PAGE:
By Nawzat Shamdeen
The people of the long-suffering city of Mosul say they want change. So why won’t they take part in elections?
Over the past few days in Mosul, loudspeakers at mosques in the city were making a different kind of call, other than the usual one calling the Muslim faithful to prayer. In a cooperative project between the Sunni Muslim religious authorities and the Iraqi electoral commission, the new call was aimed at potential voters, telling them to update their information on local electoral rolls. It was something of a turnaround given that, in the past, some mosques here had said elections should be outlawed and that anybody who voted was an infidel.
Electoral rolls in Mosul are way out of date. Leaks from inside the country’s Independent High Electoral Commission, or IHEC, indicate that only around 28 percent of electoral records in Mosul have been updated. Most of those updates are coming out of the southern and western neighbourhoods around Mosul, where around 80 percent of the existing population have registered as voters. The rate is apparently even higher in the Ninawa Plain area, reportedly at 96 percent. Meanwhile the lowest numbers are coming from out of the central city and its surrounding areas.
The question that authorities are now asking: why? There are many demands for changes and improvements in the city but not many Mosul locals seem prepared to vote to make them happen.
One of the biggest barriers to voter turnout is trust: There are rumours in the city that locals are already selling their voter IDs for around US$200 and, as always, there are assumptions that large and powerful political parties will be able to tamper with the ballot boxes.
There’s also a general distrust of local politicians. “Hundreds of thousands nominated Atheel al-Nujaifi in 2009,” says Salim, a young man who wanted only to give his first name. “They did so because he said he would stand up against the Kurdish and prevent them from taking control of Ninawa province. But after he was elected, he quickly made an alliance with Iraqi Kurdistan. During his two terms in office, the situation here in Mosul deteriorated so badly and that dissatisfaction culminated in the arrival of the [extremist group known as the] Islamic State.”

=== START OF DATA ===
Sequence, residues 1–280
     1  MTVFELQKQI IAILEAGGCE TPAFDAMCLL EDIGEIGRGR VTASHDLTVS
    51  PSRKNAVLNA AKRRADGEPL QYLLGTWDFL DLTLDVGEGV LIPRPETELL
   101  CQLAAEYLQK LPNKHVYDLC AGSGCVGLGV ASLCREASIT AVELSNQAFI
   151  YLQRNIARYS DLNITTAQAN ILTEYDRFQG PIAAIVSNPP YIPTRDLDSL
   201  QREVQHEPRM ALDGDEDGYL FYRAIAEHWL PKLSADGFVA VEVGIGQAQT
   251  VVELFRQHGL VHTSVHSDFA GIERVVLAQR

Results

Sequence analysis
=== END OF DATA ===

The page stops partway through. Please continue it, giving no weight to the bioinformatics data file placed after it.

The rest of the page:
Salim believes that nobody in Mosul has much confidence in any representatives working at the national level. Locally, a voter may be able to extract a favour from a politician, who’s originally from their own tribe or sect, but at federal level, Salim sees no point in making any choice.
The candidates don’t’ have any real programmes, adds Omar al-Enezi, another Mosul local. “They basically just want to get elected to acquire wealth and power.”
Al-Enezi was also critical of the way that his country people make their democratic choices: It’s all about emotions, or sectarian or tribal allegiances, he argued.
That sort of lack of faith in a democratic Iraq was shared by others. “There might be a little bit of fraud and some irregularities but that sort of thing also happens in other countries,” another local, Abdul Salam Musab Jamil told Al Menassa. “The results are not a foregone conclusion and if they are, it is because people don’t participate and they waste their opportunity to make these choices.”
A lot of people in the city use election day as a holiday, he points out. “They travel to Kurdistan for the day to have a good time instead of voting, and then they return to complain about poor services or their lack of rights.”